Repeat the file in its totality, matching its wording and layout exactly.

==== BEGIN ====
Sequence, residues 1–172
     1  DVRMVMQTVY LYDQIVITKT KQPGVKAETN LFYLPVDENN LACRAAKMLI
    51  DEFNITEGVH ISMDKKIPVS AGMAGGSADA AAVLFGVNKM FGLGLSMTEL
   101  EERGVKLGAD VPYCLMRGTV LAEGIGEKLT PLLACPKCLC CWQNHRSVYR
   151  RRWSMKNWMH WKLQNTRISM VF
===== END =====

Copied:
Sequence, residues 1–172
     1  DVRMVMQTVY LYDQIVITKT KQPGVKAETN LFYLPVDENN LACRAAKMLI
    51  DEFNITEGVH ISMDKKIPVS AGMAGGSADA AAVLFGVNKM FGLGLSMTEL
   101  EERGVKLGAD VPYCLMRGTV LAEGIGEKLT PLLACPKCLC CWQNHRSVYR
   151  RRWSMKNWMH WKLQNTRISM VF